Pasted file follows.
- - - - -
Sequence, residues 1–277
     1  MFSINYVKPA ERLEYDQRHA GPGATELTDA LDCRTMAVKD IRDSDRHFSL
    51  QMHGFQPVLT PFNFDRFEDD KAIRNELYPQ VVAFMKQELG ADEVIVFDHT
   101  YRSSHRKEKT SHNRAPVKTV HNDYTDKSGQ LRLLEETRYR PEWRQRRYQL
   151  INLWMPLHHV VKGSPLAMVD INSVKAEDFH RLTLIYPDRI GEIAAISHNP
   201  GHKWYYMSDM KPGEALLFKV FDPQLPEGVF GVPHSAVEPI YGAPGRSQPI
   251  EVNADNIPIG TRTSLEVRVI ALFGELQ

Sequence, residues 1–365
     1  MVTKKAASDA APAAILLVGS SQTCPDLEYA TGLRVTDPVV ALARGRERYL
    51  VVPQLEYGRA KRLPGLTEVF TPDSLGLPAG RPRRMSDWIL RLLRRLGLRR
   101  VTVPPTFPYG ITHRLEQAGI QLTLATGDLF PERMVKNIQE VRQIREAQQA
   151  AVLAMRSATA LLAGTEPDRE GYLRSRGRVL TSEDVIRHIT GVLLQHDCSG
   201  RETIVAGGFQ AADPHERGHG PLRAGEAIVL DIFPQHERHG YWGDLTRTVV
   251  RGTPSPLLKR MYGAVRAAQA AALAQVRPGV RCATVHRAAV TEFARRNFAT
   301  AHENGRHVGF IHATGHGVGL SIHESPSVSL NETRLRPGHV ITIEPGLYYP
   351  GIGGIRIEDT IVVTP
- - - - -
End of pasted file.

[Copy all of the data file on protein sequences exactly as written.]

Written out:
Sequence, residues 1–277
     1  MFSINYVKPA ERLEYDQRHA GPGATELTDA LDCRTMAVKD IRDSDRHFSL
    51  QMHGFQPVLT PFNFDRFEDD KAIRNELYPQ VVAFMKQELG ADEVIVFDHT
   101  YRSSHRKEKT SHNRAPVKTV HNDYTDKSGQ LRLLEETRYR PEWRQRRYQL
   151  INLWMPLHHV VKGSPLAMVD INSVKAEDFH RLTLIYPDRI GEIAAISHNP
   201  GHKWYYMSDM KPGEALLFKV FDPQLPEGVF GVPHSAVEPI YGAPGRSQPI
   251  EVNADNIPIG TRTSLEVRVI ALFGELQ

Sequence, residues 1–365
     1  MVTKKAASDA APAAILLVGS SQTCPDLEYA TGLRVTDPVV ALARGRERYL
    51  VVPQLEYGRA KRLPGLTEVF TPDSLGLPAG RPRRMSDWIL RLLRRLGLRR
   101  VTVPPTFPYG ITHRLEQAGI QLTLATGDLF PERMVKNIQE VRQIREAQQA
   151  AVLAMRSATA LLAGTEPDRE GYLRSRGRVL TSEDVIRHIT GVLLQHDCSG
   201  RETIVAGGFQ AADPHERGHG PLRAGEAIVL DIFPQHERHG YWGDLTRTVV
   251  RGTPSPLLKR MYGAVRAAQA AALAQVRPGV RCATVHRAAV TEFARRNFAT
   301  AHENGRHVGF IHATGHGVGL SIHESPSVSL NETRLRPGHV ITIEPGLYYP
   351  GIGGIRIEDT IVVTP